Bochy made his plans for Game 7: He intended to bring Bumgarner into the game relatively early and have him work middle innings, as one of the very first options behind starter Tim Hudson. Others would be available to finish the game.
Bumgarner jogged in from the bullpen to work the bottom of the fifth inning and, as each scoreless frame passed, Bochy began to believe his ace would be able to finish the game. And so Bumgarner went back out for the ninth inning, getting the final outs. Of the 61 innings the Giants played in the World Series, Bumgarner threw 21. Throughout the postseason, he deflected any question from reporters about how he felt, insisting that he was fine.
It wasn’t until Bumgarner and Bochy embraced in the celebration that followed the last out, with both men soaked in champagne, that the left-hander finally acknowledged to his manager just how tired he was, after he had effectively hoisted the whole team on his back for a month.
Bumgarner led the National League in pitches thrown in 2016, with 3,571, amid a generation of starting pitchers that is being conditioned to believe that it’s OK to call it a day after working twice through a lineup. Only three pitchers have thrown more innings than Bumgarner in the past seven seasons: James Shields, David Price and Clayton Kershaw. He has always given the Giants more than they can reasonably expect — and far more than he’s been worth to the team.
Before the 2012 season, Bumgarner and the Giants agreed to a five-year extension that has turned out to be extremely team-friendly: In 2014, the year in which Bumgarner had the greatest postseason performance in baseball history, he made $3.75 million. In 2016, he was the lowest-paid of the Giants’ five starting pitchers at $9.75 million.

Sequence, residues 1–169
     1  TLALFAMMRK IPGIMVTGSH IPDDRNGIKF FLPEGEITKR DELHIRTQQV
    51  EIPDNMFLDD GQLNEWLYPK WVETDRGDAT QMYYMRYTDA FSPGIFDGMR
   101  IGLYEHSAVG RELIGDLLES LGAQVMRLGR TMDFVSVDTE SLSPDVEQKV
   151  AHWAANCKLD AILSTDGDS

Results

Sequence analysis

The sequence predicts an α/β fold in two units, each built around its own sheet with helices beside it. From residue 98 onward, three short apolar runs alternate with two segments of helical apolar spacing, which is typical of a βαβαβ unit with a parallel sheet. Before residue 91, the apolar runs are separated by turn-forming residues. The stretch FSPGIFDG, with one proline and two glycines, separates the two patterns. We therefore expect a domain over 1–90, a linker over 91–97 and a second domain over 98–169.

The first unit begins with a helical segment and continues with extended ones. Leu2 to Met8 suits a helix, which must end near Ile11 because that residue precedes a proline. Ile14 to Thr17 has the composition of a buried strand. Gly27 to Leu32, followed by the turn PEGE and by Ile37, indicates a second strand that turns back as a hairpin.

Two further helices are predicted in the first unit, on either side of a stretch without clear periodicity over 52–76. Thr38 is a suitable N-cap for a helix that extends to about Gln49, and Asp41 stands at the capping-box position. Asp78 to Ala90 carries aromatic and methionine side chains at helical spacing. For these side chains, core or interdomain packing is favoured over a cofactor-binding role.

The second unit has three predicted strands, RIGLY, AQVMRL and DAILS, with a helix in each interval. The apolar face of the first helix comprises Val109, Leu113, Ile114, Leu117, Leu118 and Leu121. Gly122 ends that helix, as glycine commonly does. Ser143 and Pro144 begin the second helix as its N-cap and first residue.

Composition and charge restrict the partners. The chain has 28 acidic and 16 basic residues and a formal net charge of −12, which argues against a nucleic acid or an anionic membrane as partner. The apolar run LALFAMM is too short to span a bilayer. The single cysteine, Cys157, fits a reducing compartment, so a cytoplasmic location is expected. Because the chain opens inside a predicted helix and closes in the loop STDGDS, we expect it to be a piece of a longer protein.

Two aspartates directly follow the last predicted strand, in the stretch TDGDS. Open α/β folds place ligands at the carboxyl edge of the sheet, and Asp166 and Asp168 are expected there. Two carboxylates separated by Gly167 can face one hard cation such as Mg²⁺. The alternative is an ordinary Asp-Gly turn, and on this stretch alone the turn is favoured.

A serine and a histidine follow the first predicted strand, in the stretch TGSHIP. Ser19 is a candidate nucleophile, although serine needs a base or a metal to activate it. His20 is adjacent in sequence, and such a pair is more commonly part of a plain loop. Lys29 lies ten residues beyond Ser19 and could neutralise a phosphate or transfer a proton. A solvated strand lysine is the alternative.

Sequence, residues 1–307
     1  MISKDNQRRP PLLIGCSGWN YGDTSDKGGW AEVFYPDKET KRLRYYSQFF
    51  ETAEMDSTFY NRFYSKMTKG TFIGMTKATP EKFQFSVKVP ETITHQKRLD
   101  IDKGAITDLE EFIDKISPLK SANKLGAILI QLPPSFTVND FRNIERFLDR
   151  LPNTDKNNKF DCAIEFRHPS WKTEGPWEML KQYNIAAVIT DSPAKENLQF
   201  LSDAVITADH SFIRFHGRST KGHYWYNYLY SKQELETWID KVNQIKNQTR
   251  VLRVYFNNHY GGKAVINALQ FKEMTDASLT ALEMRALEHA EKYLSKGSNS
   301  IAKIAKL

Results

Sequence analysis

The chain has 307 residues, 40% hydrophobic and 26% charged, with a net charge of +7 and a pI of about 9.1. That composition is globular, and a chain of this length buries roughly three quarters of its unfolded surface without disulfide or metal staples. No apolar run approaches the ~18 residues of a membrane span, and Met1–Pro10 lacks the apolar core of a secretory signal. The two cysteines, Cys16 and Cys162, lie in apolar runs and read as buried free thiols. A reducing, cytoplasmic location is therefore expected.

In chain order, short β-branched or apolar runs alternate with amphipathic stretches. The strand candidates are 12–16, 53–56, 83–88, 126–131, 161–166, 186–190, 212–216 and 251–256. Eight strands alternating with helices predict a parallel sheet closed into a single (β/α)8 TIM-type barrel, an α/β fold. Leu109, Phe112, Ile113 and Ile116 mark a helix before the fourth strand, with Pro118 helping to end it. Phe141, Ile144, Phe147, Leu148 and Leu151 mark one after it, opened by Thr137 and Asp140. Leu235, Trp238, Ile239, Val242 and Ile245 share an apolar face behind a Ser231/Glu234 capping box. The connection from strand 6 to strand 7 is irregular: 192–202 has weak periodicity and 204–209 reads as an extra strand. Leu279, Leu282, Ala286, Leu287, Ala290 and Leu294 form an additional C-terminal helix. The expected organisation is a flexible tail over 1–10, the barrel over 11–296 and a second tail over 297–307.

Over the winter, the Giants and Bumgarner briefly discussed a contract extension, but the organization has deferred that talk to the future, partly because of luxury tax concerns. If San Francisco had agreed to a new deal for the left-hander, a deal that more accurately reflects his true value, they probably would have been over the tax threshold. So the Giants asked Bumgarner to table that conversation until later, and as it stands today, he is tied to the team through 2019 through options and is guaranteed a total of about $12 million.
Twelve million dollars. That’s it. That’s a little more than what Andrew Cashner will be paid by the Rangers this year. That’s about what Kershaw will be paid for April and May of this season. It’s about 1/16th of the money the Red Sox owe to Price.
The phone call Bochy got about Bumgarner’s accident must’ve been difficult, and nobody would’ve blamed the manager if he had cussed under his breath. Riding a dirt bike in the middle of a baseball season is a terrible decision, and a choice that almost no pitchers would’ve considered. Some pitchers, in fact, will avoid doing anything with their pitching arm, to eliminate the risk.